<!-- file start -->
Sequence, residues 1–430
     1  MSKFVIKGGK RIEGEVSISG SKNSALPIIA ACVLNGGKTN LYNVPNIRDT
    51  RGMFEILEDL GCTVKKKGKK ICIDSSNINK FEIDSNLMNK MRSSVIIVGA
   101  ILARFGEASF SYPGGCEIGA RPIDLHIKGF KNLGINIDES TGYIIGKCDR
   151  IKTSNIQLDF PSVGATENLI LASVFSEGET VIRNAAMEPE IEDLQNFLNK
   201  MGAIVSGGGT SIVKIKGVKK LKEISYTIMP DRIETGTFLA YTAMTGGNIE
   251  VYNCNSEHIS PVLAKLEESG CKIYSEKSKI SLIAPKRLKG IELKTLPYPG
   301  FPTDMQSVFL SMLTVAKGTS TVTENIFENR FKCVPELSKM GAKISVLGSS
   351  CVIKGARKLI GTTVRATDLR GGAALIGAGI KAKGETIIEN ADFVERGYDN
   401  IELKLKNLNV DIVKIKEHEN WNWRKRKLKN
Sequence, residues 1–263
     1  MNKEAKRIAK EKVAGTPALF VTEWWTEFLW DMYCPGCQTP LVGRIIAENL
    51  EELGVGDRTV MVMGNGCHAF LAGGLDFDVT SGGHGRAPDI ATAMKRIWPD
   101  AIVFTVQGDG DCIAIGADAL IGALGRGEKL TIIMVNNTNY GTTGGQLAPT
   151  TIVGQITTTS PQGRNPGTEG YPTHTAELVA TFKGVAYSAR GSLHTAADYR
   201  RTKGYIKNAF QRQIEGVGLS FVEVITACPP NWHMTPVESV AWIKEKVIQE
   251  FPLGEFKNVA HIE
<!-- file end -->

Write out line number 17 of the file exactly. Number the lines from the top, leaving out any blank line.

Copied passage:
   251  FPLGEFKNVA HIE